It Stands to Reason
For the new GCSE pupils are expected to
 know the exact values of sin θ and cos θ for θ = 0º, 30º, 45º, 60º and 90º
 know the exact value of tan θ for θ = 0º, 30º, 45º and 60º
In the programmes of study the text is bold and underlined, so this is intended for the highest attaining pupils, for whom the factual recall and predictable exam questions that this material entails will not be inspiring. But taken as a context for inquiry, exploration and proof, this is a topic that can be rich and satisfying. @Letsgetmathing suggests starting with an activity in which pupils lean a 1m rule against a wall then measure the height of the triangle created, and hence calculate the sine of the angle for a range of different angles. They can estimate the values of sin θ in the special cases, and can also plot the values on a graph. This will suggest that sin 45º is about 0.7; they should ask if it’s exactly 0.7, and if it’s not, then what is it?
Start with an isosceles rightangled triangle (the short sides could be length 1, but better would be length x) on the board and ask what can be worked out: fingers crossed that “the length of the hypotenuse” and “the other two angles” are suggested quickly! The ratio opposite: hypotenuse (or, better, the scale factor from the length of the hypotenuse to the length of the opposite) is clearly , as is the scale factor from the length of the hypotenuse to the length of the adjacent (or, the ratio adjacent: hypotenuse); thus we know exactly the values of sin 45º and cos 45º. That the scale factor from the length of the adjacent to the length of the opposite is 1 tells us the exact value of tan 45º.
Once pupils have seen the idea that a wellchosen triangle can tell them exact values of trigonometric scale factors, the suggestion of using an equilateral triangle to determine, say, sin 60º should be quickly forthcoming from one pupil … and should be quickly challenged by another because it’s not a rightangled triangle … and a third pupil will suggest the idea of bisecting it … and a fourth will use Pythagoras to work out the height of the triangle … well, that’s the plan!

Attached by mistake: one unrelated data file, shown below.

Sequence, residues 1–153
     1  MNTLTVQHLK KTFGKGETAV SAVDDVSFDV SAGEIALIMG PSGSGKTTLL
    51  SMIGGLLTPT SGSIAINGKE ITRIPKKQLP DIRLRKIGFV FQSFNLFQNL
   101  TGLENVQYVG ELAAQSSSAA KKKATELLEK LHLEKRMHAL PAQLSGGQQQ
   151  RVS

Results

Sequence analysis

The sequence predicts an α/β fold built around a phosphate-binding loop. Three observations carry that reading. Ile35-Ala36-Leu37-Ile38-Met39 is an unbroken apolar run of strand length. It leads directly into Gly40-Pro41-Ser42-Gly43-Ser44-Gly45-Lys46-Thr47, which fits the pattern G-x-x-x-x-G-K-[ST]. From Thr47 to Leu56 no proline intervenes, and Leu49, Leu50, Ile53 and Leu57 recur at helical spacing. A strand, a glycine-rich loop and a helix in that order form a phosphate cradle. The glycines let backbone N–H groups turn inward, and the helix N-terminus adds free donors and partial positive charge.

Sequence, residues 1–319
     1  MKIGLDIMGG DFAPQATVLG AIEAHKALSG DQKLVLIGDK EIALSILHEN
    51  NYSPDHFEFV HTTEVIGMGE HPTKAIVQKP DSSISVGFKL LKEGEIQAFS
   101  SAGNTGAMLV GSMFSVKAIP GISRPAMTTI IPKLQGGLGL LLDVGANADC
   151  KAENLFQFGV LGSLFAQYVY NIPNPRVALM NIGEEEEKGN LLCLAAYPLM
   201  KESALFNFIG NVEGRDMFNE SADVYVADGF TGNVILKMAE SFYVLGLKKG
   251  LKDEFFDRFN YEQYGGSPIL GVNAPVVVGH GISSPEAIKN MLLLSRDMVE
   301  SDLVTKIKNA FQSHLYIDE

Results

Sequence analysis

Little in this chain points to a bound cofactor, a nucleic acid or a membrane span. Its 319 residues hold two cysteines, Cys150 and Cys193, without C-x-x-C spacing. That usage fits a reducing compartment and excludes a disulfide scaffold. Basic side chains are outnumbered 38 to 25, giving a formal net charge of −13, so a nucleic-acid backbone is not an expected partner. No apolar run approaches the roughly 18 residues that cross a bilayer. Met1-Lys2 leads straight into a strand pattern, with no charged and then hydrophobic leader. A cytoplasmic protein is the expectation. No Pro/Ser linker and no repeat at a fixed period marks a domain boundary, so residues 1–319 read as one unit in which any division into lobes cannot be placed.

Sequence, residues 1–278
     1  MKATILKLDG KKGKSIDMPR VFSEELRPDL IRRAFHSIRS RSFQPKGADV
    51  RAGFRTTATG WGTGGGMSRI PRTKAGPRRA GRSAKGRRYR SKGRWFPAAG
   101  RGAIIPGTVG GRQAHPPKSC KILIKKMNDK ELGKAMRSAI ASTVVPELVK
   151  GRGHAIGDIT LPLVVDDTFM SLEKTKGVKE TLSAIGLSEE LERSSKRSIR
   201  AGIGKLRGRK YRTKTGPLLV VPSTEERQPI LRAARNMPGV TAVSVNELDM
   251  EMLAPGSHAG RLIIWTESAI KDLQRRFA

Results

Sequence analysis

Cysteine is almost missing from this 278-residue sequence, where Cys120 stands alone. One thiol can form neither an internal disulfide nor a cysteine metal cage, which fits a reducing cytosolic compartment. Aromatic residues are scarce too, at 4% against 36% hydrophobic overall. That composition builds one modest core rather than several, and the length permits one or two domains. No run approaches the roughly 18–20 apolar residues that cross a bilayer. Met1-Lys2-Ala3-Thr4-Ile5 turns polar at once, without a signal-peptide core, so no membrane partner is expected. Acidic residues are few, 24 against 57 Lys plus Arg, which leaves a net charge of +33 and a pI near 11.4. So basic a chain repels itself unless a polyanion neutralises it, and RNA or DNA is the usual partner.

From this diagram the relevant scale factors come out naturally. It’s well worth then asking pupils if they notice relationships between the surd expressions. They’re likely to spot that cos 30º = sin 60º and vice versa, and this should be explained (by considering how the opposite and the adjacent swap, as it were, relative to the 30º and 60º angles), and then generalised to show that in any right angled triangle cos (90 – A) = sin A. Then they might consider, say, sin 30º ÷ cos 30º, and what they observe should be crosschecked with sin 60º ÷ cos 60º and sin 45º ÷ cos 45º; these then can be generalised to any rightangled triangle. It’s a bit of a leap to consider, say, sin^{2}30º ÷ cos^{2}30º; the hint to do so is in the squareroot form of the surd expression. Again, what’s found here should be crosschecked with 60º and 45º, and then could be generalised.
Evaluating sin 0º and sin 90º (and the cosine scale factor as well) is a good introduction to the idea of a limit: if pupils consider a very, very tall rightangled triangle, they should be able to see that the side opposite the nearly90º angle is nearly the same length as the hypotenuse, and thus the sine scale factor is nearly 1 and it gets closer to that value as the angle gets larger – we say it tends towards the limit 1; similarly, the cosine scale factor of the nearly90º angle will be nearly 0, and will carry on getting smaller and smaller, tending towards the limit 0. A similar limit argument should be developed to explain why we say that sin 0º = 0 and cos 0º = 1
It’s important that our pupils know why these trigonometric scale factors have these values – but they do also need to remember the values as well. There are lots of mnemonics for doing so; this one (from @solvemymaths) will help them have the knowledge at their fingertips (comedy drum roll optional):
This from Great Maths Teaching Ideas is neat:
or you might like Mr Barton’s quirky lefthand finger methods.
Resourceaholic contains three good suggestions to challenge pupils’ knowledge and retention of the scale factor values. The code breaking task is especially fun.
Making Maths: a Clinometer from NRICH is a lovely activity for exploring trigonometry, using reallife heights of wind turbines and trees.
Image credit
Page header by Japanexpertna.se (adapted), some rights reserved